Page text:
To everyone who’s currently working within the KL Central Business District, can you just drop by your finance department and ask them if the company will be saving more money due to lower rentals? If the answer is no, then perhaps it’s because they did not bother to ask the owner for some rental reduction? Times are hard. Supplies are coming in. Reports are saying rentals are declining. Some of the reasons that the finance department could use when talking to the current owner / office management. I just got to know that my company should be paying a higher rental next year. Of course that’s because our current rental is pretty low. Due to expansion, we have to move to a much bigger place.
Reported in a few medias today was a news which could be a good news for the Kuala Lumpur even if it’s a negative one for owners of prime office space. According to independent global property consultancy Knight Frank in its Asia Pacific Prime Office Rental Index, KL’s rentals fell by 0.7 percent in 2015 and dropped 0.4 percent from Q4 of 2015 to Q1 of 2016. Even though this is very marginal but it said that the decline is expected to accelerate in the next 12 months due to the new supply coming into the market. Due to this new sup,y, some owners of these units are already reducing their rental rates.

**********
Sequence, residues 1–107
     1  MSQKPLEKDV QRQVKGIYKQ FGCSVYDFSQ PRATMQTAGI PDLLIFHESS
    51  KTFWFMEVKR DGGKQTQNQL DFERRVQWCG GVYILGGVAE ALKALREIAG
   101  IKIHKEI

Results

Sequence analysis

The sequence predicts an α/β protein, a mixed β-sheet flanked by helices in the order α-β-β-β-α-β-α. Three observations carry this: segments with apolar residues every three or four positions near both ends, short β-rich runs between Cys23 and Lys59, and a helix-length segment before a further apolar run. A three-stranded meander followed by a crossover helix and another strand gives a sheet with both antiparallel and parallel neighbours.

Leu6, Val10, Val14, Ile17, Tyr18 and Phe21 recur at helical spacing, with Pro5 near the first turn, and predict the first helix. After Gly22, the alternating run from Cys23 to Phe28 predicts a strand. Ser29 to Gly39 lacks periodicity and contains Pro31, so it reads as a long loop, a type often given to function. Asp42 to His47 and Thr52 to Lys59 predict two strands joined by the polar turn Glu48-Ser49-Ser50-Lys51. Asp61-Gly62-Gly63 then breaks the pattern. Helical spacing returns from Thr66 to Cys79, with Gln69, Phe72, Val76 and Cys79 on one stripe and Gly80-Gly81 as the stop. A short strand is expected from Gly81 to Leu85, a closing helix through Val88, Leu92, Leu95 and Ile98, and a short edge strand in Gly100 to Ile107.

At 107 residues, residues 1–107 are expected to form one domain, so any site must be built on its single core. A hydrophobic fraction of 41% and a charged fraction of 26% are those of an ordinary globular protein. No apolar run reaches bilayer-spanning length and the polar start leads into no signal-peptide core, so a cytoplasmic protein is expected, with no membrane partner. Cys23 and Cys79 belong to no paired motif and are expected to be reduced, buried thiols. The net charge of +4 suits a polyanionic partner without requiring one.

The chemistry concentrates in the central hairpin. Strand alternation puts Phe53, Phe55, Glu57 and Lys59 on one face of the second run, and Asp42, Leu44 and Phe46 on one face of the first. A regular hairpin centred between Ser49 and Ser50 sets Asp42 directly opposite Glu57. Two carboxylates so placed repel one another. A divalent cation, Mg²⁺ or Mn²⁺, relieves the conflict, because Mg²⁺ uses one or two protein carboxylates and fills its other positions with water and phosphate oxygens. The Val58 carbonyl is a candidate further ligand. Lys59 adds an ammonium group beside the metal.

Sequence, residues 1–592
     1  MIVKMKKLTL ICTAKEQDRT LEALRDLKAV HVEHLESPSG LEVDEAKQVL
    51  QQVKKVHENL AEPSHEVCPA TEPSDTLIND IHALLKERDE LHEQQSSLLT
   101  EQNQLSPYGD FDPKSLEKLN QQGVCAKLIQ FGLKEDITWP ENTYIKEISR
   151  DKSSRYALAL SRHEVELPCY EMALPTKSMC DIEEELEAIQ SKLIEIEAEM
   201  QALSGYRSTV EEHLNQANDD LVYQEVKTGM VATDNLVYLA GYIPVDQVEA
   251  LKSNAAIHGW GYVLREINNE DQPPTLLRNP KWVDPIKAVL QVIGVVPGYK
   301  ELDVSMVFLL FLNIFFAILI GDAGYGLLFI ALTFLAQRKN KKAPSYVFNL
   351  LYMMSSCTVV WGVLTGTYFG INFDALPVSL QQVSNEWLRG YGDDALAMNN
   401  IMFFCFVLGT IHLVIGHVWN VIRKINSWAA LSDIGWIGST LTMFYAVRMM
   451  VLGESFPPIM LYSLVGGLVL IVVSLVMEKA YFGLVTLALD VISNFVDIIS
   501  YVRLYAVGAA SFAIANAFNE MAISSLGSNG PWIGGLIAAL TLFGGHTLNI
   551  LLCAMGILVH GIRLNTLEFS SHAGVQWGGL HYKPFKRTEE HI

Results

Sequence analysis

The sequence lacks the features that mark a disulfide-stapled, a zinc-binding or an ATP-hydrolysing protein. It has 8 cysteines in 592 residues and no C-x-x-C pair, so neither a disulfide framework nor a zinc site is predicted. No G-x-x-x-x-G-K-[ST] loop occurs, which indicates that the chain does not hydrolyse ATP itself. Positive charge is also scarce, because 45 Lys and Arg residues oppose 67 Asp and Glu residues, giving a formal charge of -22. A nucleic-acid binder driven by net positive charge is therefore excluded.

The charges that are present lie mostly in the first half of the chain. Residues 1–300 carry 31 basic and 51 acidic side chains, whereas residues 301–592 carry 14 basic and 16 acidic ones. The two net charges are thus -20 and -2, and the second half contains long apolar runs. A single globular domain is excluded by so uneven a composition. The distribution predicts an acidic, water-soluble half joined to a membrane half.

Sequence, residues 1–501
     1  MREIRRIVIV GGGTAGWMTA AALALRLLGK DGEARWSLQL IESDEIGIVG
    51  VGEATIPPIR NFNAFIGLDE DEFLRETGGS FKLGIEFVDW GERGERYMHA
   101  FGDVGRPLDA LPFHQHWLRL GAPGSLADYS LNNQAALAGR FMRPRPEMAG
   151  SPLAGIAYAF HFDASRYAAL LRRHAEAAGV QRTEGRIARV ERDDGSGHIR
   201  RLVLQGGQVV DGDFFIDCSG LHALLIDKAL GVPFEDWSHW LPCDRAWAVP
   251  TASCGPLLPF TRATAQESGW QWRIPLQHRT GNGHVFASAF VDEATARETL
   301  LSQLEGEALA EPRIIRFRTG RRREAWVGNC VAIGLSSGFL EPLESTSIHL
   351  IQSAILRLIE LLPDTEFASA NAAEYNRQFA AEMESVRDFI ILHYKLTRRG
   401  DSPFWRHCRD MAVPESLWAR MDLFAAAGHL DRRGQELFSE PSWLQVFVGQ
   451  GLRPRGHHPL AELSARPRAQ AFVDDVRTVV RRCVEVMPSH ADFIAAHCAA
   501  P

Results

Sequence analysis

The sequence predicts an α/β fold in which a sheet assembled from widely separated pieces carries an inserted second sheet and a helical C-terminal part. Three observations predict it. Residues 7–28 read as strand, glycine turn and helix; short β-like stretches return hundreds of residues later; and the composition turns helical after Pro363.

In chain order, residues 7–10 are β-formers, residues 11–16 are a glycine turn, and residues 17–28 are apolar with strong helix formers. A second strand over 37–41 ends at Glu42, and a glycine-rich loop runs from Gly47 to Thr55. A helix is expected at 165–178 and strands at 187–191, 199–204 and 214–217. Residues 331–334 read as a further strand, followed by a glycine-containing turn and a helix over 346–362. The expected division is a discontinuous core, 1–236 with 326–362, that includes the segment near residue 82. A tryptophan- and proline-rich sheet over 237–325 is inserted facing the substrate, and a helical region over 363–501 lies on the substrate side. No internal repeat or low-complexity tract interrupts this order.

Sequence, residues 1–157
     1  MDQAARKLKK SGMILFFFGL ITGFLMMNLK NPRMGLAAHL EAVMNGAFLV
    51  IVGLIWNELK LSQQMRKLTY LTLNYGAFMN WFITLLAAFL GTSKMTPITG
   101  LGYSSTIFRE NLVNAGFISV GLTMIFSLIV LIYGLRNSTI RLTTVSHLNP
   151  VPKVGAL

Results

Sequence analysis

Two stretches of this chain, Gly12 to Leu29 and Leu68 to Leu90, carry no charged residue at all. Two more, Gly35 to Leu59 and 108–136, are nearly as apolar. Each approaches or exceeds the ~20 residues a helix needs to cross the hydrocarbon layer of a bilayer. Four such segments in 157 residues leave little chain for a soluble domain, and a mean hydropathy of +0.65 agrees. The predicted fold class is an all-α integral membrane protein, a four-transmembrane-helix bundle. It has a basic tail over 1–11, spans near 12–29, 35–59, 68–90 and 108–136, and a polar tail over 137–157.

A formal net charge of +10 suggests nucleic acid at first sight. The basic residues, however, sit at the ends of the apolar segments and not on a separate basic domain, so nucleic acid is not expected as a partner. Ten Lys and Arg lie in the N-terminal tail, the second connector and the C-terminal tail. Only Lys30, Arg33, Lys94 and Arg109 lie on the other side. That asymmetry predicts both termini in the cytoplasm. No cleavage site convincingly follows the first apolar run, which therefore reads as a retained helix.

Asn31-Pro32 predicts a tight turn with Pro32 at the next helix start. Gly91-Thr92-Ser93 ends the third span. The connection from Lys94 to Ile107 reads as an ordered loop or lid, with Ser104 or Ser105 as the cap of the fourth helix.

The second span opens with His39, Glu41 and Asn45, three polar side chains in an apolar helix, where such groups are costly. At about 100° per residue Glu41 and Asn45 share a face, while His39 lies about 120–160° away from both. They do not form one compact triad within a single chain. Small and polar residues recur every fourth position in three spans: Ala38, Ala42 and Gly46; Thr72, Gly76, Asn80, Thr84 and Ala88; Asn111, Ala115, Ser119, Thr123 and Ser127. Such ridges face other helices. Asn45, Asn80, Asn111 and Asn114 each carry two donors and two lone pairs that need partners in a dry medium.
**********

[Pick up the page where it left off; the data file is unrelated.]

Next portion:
One major industry has moved out, the oil and gas. This has been partially filled up by the technology, media and telecom (TMT) sector. There were also more start-ups which are moving into prime space and this was also happening in Jakarta. Before everyone starts spreading this gloomy news, do note that the rentals in Singapore dropped 9.9 percent and that of Jakarta dropped 9 percent. According to the firm, “Singapore continued to be mired in a double whammy of significant supply and weak demand.” Earlier article here: 2019 should have “cheap rental”for office space in KL
Some of the upcoming supply include Malaysia’s tallest skyscraper, the 118-storey Merdeka PNB118, and other integrated projects like the TRX, Bandar Malaysia and KL Metropolis. All these are expected to be completed at almost the same period, thus causing supplies to suddenly jump upwards and this would outstrip the potential demand growth. As per JLL’s data from Q4 2015, the vacancy rates for KL’s CBD is at 13.5 percent. This is definitely considered healthy but let’s wait for their latest report to understand more. Happy following.
written on 1 June 2016
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